New Media and Online Participation: The Dialogic Potential of the Internet and its Actual Utilization by Businesses and Nonprofit Associations.

TitleNew Media and Online Participation: The Dialogic Potential of the Internet and its Actual Utilization by Businesses and Nonprofit Associations.
Publication TypeConference Paper
Author(s)Avidar, R.
Affiliation (1st Author)Yezreel Valley College
Section or WGParticipatory Communication Research Section
DateWed 26 June
Slot CodePCRW2b
Slot Code (Keyword)PCRW2b
Time of Session11:00-12:30
RoomC114
Session Title‘New’ media technologies generating participatory action
Submission ID4989
Abstract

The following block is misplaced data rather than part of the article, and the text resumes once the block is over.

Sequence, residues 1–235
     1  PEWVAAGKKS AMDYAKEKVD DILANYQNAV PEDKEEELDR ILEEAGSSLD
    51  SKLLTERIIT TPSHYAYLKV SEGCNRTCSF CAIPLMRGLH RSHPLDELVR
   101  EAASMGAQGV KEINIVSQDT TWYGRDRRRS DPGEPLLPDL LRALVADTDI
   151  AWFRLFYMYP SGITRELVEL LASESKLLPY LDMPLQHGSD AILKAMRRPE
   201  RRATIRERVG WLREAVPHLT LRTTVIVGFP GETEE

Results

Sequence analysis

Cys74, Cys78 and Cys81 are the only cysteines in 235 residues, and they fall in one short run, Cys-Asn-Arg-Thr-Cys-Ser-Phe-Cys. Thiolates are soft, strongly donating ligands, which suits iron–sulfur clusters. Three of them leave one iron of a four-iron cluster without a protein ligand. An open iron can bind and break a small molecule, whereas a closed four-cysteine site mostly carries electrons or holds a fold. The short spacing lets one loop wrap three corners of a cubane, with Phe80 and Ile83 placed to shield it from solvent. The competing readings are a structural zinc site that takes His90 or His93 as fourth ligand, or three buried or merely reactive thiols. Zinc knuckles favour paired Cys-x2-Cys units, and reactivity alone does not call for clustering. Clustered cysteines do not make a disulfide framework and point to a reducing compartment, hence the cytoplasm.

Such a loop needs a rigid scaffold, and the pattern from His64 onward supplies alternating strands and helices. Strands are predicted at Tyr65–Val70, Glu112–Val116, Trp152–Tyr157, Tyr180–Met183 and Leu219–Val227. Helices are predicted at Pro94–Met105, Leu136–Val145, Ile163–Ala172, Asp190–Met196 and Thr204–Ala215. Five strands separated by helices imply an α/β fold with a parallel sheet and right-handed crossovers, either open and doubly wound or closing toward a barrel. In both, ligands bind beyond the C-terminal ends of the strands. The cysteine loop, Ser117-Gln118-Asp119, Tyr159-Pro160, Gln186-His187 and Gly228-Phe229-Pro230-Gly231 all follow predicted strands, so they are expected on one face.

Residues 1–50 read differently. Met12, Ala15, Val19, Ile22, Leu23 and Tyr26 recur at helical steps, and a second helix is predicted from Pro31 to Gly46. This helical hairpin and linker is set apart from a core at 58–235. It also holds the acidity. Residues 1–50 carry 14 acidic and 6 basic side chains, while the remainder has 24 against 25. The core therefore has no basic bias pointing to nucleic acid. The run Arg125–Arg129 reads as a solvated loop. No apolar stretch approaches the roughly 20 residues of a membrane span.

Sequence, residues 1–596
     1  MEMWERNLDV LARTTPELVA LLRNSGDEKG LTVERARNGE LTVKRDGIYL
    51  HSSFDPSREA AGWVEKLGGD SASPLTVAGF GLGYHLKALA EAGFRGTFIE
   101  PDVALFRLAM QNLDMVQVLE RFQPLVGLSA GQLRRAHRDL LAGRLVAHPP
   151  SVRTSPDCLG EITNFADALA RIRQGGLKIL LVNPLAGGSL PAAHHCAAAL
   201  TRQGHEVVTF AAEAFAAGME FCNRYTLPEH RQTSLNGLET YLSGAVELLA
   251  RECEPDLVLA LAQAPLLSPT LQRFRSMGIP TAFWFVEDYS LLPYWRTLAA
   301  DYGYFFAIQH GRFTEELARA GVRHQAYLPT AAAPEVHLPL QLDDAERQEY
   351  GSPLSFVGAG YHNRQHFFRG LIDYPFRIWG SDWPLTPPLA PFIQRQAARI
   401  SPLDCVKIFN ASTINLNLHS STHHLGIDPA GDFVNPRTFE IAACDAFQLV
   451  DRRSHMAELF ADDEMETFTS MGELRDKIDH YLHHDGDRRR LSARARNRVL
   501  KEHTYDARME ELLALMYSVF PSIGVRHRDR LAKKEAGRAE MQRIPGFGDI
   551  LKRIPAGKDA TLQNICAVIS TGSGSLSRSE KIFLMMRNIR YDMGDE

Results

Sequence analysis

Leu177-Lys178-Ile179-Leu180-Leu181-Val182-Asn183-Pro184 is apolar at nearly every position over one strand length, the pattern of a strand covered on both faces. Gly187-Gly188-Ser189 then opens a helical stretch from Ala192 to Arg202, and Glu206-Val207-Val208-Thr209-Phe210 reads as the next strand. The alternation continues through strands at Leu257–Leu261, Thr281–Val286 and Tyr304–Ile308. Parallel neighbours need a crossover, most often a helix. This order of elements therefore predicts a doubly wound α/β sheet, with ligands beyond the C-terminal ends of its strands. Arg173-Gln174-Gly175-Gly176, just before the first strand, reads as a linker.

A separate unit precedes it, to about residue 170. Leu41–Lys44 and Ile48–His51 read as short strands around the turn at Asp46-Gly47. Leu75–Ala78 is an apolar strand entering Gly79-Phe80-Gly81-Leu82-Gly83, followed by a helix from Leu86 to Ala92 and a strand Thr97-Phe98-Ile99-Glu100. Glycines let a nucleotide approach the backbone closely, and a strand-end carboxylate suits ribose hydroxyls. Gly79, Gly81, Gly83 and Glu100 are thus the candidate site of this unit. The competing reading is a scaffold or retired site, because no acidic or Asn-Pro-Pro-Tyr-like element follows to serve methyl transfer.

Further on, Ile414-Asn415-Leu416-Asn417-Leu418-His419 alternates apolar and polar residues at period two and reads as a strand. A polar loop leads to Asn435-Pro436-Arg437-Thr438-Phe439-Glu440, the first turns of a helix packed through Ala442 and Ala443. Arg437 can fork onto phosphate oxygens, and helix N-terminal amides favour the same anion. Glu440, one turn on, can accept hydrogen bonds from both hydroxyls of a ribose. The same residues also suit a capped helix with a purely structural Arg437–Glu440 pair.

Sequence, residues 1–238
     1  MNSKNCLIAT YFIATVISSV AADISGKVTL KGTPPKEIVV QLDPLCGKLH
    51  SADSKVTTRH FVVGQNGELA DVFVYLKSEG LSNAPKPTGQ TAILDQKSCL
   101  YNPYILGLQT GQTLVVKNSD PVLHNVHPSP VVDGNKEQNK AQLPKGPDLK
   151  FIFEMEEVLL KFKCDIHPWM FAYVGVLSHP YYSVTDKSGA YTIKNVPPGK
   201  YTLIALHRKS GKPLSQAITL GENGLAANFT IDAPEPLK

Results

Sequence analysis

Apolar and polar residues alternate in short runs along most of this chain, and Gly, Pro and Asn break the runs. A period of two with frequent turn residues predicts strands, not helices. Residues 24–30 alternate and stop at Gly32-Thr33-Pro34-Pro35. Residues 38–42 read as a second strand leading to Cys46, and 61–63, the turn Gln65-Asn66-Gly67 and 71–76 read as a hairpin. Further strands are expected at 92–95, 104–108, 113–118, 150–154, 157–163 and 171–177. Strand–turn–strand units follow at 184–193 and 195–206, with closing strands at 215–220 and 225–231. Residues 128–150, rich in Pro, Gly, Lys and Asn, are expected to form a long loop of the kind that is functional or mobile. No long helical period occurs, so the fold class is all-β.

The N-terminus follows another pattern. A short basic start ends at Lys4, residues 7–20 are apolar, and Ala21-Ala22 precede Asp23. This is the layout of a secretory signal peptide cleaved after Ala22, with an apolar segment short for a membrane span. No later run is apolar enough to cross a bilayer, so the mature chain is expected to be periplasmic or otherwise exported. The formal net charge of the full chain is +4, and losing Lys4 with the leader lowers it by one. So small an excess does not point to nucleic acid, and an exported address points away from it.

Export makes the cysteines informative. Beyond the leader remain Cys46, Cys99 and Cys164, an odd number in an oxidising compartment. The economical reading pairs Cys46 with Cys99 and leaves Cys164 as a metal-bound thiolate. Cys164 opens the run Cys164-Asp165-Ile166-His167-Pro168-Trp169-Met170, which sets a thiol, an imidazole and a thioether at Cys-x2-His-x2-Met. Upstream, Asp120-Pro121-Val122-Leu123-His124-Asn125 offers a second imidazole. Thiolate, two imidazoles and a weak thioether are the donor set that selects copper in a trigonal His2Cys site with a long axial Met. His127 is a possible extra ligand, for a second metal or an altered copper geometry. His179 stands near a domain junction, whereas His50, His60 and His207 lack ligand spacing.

The emergence of the Internet enabled publics to participate in an online conversation with organizations. Indeed, businesses and nonprofit associations created their own Web pages and Facebook accounts and invited publics to communicate. Nevertheless, as this study tries to reveal, in many cases when a member of a public tries to approach an organization online, the organizational response actually discourages participation and even terminates an interaction. Theoretical Framework This study combines the fields of public relations, computer-mediated communication, and interactivity. The study embraces the co-creational perception from public relations theory and utilizes two relational maintenance strategies,, “interactivity,” and “responsiveness.” This study presents the responsiveness pyramid, a model that suggests a clearer theoretical distinction between responsiveness and interactivity. Research Questions This study explores whether and how businesses and nonprofit associations respond to a request for information sent to them by a member of a public. (RQ1) Is there a difference between responsiveness rates of businesses and nonprofit associations? (RQ2) Is there a difference between the level of responsiveness of businesses and nonprofit associations? Methodology First, a field experiment was conducted in which a request for information was sent via e-mail to 1200 Israeli businesses and nonprofit associations to explore their responsiveness rates. Second, a content analysis of 799 organizational responses was conducted in order to explore the level of responsiveness. The content analysis was based on a novel codebook that contained variables considered by previous researchers as encouraging further interaction. Hence, a distinction was made between responses with a low level of responsiveness, a medium level of responsiveness and a high level of responsiveness (interactive responses). Results The combined responsiveness rate of businesses and nonprofit associations was 66.6% (n=799), categorized as follows: 62.2% (n=373) of the businesses and 71.0% (n=426) of the nonprofit associations responded to the request. A cross tabulation and a Chi-square test revealed that nonprofit associations were significantly more responsive than businesses (χ2 (3) = 36.23, p<0.001). The responses differed according to their level of responsiveness. Most responses had a medium level of responsiveness [businesses: 43.2% (n=160), nonprofits: 40.9% (n=173)] and did not include interactive elements. The second largest group contained responses with a low level of responsiveness [businesses: 40.5% (n=150), nonprofits: 39.2% (n=166)], and only a small group of responses contained a high level of responsiveness and encouraged the continuation of an interaction [businesses: 16.2% (n=60), nonprofits: 19.8% (n=84)]. An independent samples t-test did not reveal a significant difference in the level of responsiveness among businesses and nonprofit associations (t (791) = 1.09, p>0.05). Discussion This study reveals that organizational representatives, from both businesses and nonprofit associations, do not utilize the interactive and dialogic potential of the Internet in order to encourage interaction and promote organization-public relationship building. The small group of high-level responses (businesses: 16.2%, nonprofits: 19.8%) might suggest that representatives from both organizational types either were not interested in the continuation of an interaction or were not aware of the dialogic and relational potential of the organizational responses. Given that organizational representatives can be trained to embed interactive elements in their ongoing communication with publics, this study may contribute to the improvement of organization-public relationship building and promote online participation.

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